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374 Refugees Have Drowned At Sea Attempting To Cross Into Europe So Far This Year

In the latest incident, at least 27 refugees, including 11 children, drowned Monday when their boat capsized off the coast of Turkey.

Last updated on February 8, 2016, at 10:38 a.m. ET

Posted on February 8, 2016, at 9:17 a.m. ET

Turkish coast guards rescue Syrian refugees.
Bulent Kilic / AFP / Getty Images

Turkish coast guards rescue Syrian refugees.

A total of 374 refugees have drowned at sea while attempting to cross into Europe in the first five weeks of this year. In the same period last year, 69 people drowned.

In the latest incident, at least 27 refugees, including 11 children, died Monday after their boat capsized in the Bay of Edremit, while four people were rescued, Do─čan news agency reported. The boat was en route to the Greek island of Lesbos.

The International Organization for Migration (IOM) told BuzzFeed News, as of Feb. 8, 374 refugees and other migrants had died in 2016 while trying to reach Europe. Of that number 284 drowned while traveling across the Aegean Sea from Turkey to Greece.

In the same period in 2015, 69 refugees died attempting to reach Europe. Just nine of those deaths occurred on the Aegean route from Turkey to Greece. It total, more than 1 million refugees entered Europe by sea in 2015. The majority entered via Greece.

The routes refugees are using to enter Europe
http://migration.iom.int/europe/

The routes refugees are using to enter Europe

An IOM spokesperson told BuzzFeed News last winter had been much quieter in terms of refugee movement.

"Last winter, in January and February, we saw about 5,000 refugees enter Europe in a month," he said. "This winter we are sometimes seeing up to 5,000 people come through in a single day."

The spokesperson said most refugees arriving in Europe are Syrian, followed by people from Iraq and Afghanistan. He confirmed two refugee women also died from the cold while traveling through Bulgaria over the weekend.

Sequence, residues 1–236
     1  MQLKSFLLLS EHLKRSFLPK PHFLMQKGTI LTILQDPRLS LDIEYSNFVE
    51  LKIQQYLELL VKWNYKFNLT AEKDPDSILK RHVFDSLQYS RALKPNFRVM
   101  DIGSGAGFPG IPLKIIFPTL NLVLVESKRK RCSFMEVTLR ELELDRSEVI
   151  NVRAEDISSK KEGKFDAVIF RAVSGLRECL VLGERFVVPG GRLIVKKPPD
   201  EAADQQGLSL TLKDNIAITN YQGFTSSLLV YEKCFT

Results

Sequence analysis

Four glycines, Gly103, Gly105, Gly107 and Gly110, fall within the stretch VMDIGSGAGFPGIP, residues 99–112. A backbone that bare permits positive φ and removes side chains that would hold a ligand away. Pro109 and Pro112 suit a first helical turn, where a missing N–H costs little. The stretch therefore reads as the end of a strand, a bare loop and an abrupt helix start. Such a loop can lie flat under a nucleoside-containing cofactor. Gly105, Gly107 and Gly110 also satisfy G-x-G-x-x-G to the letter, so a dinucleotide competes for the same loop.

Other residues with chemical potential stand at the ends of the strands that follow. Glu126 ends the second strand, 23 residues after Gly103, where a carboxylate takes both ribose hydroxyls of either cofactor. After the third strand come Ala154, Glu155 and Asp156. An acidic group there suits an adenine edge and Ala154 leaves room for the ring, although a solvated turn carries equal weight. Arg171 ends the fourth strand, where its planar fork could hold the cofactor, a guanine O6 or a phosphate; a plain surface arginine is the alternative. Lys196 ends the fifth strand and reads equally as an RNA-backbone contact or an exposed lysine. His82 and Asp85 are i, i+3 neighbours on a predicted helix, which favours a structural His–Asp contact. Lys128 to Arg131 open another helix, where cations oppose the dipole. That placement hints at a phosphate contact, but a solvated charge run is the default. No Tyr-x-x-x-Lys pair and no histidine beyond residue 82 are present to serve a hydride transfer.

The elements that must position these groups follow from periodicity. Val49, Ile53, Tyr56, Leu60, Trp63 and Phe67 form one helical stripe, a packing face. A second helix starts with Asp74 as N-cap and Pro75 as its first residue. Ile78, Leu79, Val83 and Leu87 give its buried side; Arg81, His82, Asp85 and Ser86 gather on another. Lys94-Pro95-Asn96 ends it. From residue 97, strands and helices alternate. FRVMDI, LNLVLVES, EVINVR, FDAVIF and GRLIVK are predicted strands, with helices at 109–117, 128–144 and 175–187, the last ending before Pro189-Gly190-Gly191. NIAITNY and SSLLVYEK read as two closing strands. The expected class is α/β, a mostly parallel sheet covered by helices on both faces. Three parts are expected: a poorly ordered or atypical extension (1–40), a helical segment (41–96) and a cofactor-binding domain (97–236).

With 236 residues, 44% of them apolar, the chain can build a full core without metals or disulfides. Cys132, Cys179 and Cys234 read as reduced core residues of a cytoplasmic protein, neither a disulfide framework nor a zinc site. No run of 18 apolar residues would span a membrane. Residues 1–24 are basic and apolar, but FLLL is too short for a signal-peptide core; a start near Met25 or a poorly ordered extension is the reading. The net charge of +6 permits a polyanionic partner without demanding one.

Turkey's deputy premier said Sunday the country had reached the end of its "capacity to absorb" refugees but would continue to allow them to enter, AP reported.

Internally displaced Syrians carry their belongings as they arrive at a refugee camp near the Bab al-Salam crossing, across from Turkey's Kilis province.
Osman Orsal / Reuters

Internally displaced Syrians carry their belongings as they arrive at a refugee camp near the Bab al-Salam crossing, across from Turkey's Kilis province.

Turkish authorities say up to 35,000 Syrians have amassed along the border, which was closed over the weekend. The EU urged Turkey to open the border and allow in the refugees, who are fleeing renewed fighting in Aleppo.

Deputy Prime Minister Numan Kurtulmus told CNN-Turk television Turkey now hosts 3 million refugees, including 2.5 million Syrians.

"Turkey has reached the end of its capacity to absorb [refugees]," Kurtulmus said. "But in the end, these people have nowhere else to go. Either they will die beneath the bombings and Turkey will ... watch the massacre like the rest of the world, or we will open our borders."

German Chancellor Angela Merkel held talks in the Turkish capital of Ankara Monday on how to reduce the influx of refugees fleeing into Europe, AP reported.


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